The following review appeared in edition 160 of Ripperologist magazine.




Stroud, Gloucestershire: Amberley Publishing, 2018
288pp; illus; sources

I am irresistibly drawn to reading about “freaks”, but discomforted in equal measure by my curiosity and interest. I am appalled that people used to pay to gawp at these unfortunate people in carnivals, penny gaffs and stage performances, but conscious that I am doing the same thing, albeit reading about and looking at pictures of them in books. What really gets me, though, is the way some people, authors included, are barely able to stop drooling with delighted horror and disgust at these poor people.

But what I like about Bondeson’s books on this subject is his detachment. He never forgets that these were real people, people who inside their heads and hearts were just like you and I. Bondeson tells the stories with sympathy and understanding, and with a doctor’s genuine interest.

And, of course, Bondeson’s flair for historical research and digging out that obscure background detail is matched by his writing ability.

In The Lion Boy Jan Bondeson revisits a subject he first investigated in his successful collection Cabinet of Medical Curiosities back in 1999, which I’m impressed, albeit unsurprised, to learn has sold 20,000 copies.

I think the provisional title of this book was “The Fat Boy of Peckham”, which I preferred but which could have caused some readers to mistake it for some sort of diet book. The “Fat Boy’s” story begins Bondeson’s tour of the weird and the wonderful. His name was John Thomas Trunley, who was born on 14 October 1898 in Peckham, south-east London, which just over eighty years later would be made famous as the stamping ground of “Del Boy” Trotter.

Trunley was big. Very big. When aged five he was 4ft tall, had a chest measurement of 44 inches, and weighed 10 stone. He was also starting to attract attention and at the end of 1903, having added four stone to his weight, he made his stage debut as “The Fat Boy of Peckham”. Over the next few years he continued the plough on the weight (at one point reaching 33 stone) and tour the country, becoming a national celebrity.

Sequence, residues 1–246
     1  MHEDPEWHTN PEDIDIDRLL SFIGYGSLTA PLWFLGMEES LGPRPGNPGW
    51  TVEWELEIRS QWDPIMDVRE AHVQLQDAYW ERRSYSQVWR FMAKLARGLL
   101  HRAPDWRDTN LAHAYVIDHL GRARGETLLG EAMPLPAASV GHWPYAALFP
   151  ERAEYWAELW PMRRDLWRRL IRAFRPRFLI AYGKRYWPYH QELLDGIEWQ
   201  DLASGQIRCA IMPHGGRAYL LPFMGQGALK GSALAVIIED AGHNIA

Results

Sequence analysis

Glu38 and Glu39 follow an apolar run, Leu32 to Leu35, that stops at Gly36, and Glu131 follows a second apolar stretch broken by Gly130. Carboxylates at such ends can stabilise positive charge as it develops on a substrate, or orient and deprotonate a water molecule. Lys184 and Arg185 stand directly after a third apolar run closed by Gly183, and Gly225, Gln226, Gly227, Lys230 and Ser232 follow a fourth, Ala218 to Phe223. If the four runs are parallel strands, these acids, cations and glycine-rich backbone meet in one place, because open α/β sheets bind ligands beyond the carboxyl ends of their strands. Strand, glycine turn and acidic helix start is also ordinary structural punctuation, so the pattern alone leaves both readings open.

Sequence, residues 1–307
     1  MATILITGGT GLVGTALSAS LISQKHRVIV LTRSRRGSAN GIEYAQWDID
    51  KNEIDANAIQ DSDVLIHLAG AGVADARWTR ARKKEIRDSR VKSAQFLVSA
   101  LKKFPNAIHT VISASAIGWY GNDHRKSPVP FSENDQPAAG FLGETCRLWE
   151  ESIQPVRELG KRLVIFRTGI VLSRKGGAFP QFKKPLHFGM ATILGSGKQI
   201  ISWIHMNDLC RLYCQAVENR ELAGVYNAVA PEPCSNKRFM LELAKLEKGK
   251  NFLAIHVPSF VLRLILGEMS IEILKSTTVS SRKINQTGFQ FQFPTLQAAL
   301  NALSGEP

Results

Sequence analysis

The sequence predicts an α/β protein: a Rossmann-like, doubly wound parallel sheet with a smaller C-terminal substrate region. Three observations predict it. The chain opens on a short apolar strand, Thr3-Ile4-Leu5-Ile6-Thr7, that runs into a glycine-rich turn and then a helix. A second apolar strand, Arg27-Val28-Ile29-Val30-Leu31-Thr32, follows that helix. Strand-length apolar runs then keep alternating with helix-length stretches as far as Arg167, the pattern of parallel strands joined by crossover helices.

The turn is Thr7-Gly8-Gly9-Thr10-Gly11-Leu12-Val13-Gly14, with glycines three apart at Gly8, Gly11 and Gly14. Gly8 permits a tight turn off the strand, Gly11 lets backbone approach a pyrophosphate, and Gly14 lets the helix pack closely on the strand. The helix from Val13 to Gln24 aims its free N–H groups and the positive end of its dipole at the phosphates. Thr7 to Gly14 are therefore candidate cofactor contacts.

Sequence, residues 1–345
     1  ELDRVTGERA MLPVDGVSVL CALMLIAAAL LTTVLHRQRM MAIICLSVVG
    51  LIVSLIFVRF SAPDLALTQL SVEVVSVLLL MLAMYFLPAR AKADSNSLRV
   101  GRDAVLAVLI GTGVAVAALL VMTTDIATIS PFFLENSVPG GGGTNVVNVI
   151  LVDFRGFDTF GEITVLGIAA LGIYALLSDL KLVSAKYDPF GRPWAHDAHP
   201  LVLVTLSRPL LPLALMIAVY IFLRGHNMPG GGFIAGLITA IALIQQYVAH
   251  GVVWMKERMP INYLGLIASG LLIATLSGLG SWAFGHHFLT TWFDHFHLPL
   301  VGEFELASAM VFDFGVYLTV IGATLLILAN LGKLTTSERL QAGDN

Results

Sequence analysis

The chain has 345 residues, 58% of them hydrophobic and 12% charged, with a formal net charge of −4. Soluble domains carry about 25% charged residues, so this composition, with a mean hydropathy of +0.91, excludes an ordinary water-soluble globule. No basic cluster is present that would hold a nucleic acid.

Then he lost weight. It was the Great War that did it, specifically the air raids and wartime rations. Trunley was terrified of the raids, his terror causing the stones to fall away, and the rations not being sufficient to put them on again. He managed to put some of the weight back on, but the mood of the post-war nation caused his celebrity to vanish. His life thereafter wasn’t a decline. He married, had a son, maintained a career as a clockmaker, and in 1944 succumbed to tuberculosis and pneumonia.

What’s slightly worrying is that as the 20th century dawned a fat man was such an abnormality that he was a carnival performer, a rarity, a freak who people would pay money to look at. A century later you can see people like him in the street of every town and city. It’s a sobering thought.

Bondeson kicks off this collection of medical curiosities with the rather questionable display of morbidly fat people for entertainment, and there were quite a few, from the renowned Daniel Lambert, through fat boys and girls of various nationalities, to named performers such as 42-stone Tom Tonn. Afterwards, we meet giants, dwarfs, porcupine men, a transparent man, and people with physical and other deformities. As well as explorations of a number of odd but commonly-held expected beliefs (such as the eye retaining the image of the last thing a person sees, and whether one’s hair can turn white overnight.

The Lion Boy makes a good cover-to-cover read, or an equally good dip-into book.

Review by Paul Begg.


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